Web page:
The IDMU report; Taxing the UK Cannabis Market suggests that 500 million is spent on enforcing cannabis laws alone, and an estimated 200 million on police costs.2 The prevalence of all drugs has never been greater, so it is hard to see how present policy is working, let alone fiscally sustainable.

With regards to a science and evidence based policy, we have found ourselves at a place where we have fully strayed from the original mandate of the Misuse of Drugs Act 1971. The act was written to be fully reviewed and evidence based. Forty-one years on from its inception, the act has become anchored in law enforcement and prohibition. The very first part of the MoDA1971 proclaims:

(under Section 1)—

(2) (a) for restricting the availability of such drugs or supervising the arrangements for their supply.

This clearly indicates that if present application is deemed untenable, then new avenues should be explored.

In the House of Lords—9 March 2011—behest of Lord Norton; a Question for Short Debate was initiated to discus drug policy and the call for a Royal Commission.3 Within the debate, there was a literally overwhelming call for an evidence based policy. In fact, the word evidence was used 42 times. There were further calls for an impact assessment, and yet no credence was given to the encompassing matter at all by the Government.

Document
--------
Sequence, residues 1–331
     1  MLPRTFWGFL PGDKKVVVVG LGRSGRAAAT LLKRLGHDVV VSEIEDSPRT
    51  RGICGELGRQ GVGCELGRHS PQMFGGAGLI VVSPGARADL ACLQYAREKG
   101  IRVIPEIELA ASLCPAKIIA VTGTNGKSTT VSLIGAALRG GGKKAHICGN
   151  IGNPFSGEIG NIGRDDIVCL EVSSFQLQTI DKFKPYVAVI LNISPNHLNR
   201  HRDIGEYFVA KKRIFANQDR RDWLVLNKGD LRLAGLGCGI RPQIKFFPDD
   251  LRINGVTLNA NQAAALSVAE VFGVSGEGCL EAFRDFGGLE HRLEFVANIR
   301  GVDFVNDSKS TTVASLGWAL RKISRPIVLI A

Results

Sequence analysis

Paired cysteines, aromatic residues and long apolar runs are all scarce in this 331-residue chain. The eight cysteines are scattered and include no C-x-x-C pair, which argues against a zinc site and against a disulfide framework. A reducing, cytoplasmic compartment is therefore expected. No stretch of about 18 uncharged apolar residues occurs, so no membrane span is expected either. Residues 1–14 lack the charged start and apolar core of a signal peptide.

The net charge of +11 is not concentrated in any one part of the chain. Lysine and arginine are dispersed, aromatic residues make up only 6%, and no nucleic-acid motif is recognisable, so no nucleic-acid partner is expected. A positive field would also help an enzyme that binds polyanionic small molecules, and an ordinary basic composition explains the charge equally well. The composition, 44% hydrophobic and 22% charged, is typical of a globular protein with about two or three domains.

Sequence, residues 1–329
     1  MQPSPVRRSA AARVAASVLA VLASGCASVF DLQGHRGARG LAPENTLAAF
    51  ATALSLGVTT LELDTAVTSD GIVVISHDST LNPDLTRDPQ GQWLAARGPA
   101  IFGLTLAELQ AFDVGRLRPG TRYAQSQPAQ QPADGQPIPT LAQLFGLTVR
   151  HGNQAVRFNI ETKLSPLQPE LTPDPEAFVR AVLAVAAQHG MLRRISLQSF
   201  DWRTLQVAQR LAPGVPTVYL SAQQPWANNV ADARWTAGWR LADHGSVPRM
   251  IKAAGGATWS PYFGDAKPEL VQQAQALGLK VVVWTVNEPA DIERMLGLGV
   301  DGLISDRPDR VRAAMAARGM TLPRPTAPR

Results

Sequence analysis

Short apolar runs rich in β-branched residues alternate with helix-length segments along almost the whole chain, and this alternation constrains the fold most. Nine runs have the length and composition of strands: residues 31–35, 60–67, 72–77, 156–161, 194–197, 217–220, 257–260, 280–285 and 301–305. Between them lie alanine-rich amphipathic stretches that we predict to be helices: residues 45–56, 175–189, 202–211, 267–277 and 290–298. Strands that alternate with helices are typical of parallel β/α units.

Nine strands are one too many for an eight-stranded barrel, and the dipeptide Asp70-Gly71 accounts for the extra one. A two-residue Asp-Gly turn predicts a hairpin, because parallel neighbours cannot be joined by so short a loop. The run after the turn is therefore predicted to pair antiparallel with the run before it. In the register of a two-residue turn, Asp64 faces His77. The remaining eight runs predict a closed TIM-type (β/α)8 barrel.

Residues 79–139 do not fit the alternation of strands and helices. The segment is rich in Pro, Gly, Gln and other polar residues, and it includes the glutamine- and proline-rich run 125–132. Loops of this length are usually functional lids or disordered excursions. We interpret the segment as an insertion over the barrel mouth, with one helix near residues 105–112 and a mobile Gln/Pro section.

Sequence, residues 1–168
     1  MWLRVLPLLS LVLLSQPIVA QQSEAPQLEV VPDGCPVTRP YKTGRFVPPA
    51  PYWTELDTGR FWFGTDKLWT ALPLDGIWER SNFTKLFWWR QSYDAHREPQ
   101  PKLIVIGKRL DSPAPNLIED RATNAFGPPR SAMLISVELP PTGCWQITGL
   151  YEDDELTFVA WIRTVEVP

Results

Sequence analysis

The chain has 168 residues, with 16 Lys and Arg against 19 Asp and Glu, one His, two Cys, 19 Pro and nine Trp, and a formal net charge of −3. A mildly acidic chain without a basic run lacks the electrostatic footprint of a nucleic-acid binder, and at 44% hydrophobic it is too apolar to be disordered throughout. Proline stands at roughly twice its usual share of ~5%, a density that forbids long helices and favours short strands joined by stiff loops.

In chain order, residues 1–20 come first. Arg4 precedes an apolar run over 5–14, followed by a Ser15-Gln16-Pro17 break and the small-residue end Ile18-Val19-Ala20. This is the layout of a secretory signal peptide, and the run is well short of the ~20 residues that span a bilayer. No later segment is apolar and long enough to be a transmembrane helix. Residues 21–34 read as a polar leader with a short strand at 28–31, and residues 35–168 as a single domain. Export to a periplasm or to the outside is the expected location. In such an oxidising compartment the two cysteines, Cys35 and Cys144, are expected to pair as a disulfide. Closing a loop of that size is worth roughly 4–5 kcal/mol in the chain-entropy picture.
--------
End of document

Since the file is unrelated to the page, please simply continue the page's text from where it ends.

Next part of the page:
The biggest cloud that hangs over drug policy has to be the recent events of the ACMD (Advisory Council on the Misuse of Drugs). The ACMD has, unfortunately, become a redundant entity in the shaping of drug policy. Once more, the mandate for the MoDA1971 is to be under constant review, and the advice to the ACMD constitutes and evidence based board. Over the last few years, most notably Professor Nutt, the ACMD has been involved an embarrassing series of events that has seen senior scientists sacked, resign and disenfranchised. The advice from the ACMD is not always welcomed by the Government, and often ignored. This leaves us in a curious position: When the MoDA1971 is mandated to be evidence based, and the ACMD is that base, how can we proclaim that current policy is acting in accordance with evidence, and how far can advice be ignored before a new act—an arbitrary act—ensues. The official line for why we have disparity in our drug laws, and why alcohol and tobacco are tolerated: Historical and Cultural reasons.4 This does not inspire confidence in that we have an evidence based policy.